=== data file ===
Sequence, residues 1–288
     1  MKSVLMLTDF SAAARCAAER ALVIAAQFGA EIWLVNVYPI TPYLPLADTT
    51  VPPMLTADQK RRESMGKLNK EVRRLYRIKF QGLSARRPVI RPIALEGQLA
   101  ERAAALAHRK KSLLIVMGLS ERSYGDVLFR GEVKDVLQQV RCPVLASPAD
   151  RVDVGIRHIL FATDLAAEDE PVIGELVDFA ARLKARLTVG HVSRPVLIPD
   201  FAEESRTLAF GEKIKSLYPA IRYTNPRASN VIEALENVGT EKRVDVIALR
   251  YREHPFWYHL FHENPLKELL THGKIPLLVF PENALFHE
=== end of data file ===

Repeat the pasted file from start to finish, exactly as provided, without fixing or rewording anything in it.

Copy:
Sequence, residues 1–288
     1  MKSVLMLTDF SAAARCAAER ALVIAAQFGA EIWLVNVYPI TPYLPLADTT
    51  VPPMLTADQK RRESMGKLNK EVRRLYRIKF QGLSARRPVI RPIALEGQLA
   101  ERAAALAHRK KSLLIVMGLS ERSYGDVLFR GEVKDVLQQV RCPVLASPAD
   151  RVDVGIRHIL FATDLAAEDE PVIGELVDFA ARLKARLTVG HVSRPVLIPD
   201  FAEESRTLAF GEKIKSLYPA IRYTNPRASN VIEALENVGT EKRVDVIALR
   251  YREHPFWYHL FHENPLKELL THGKIPLLVF PENALFHE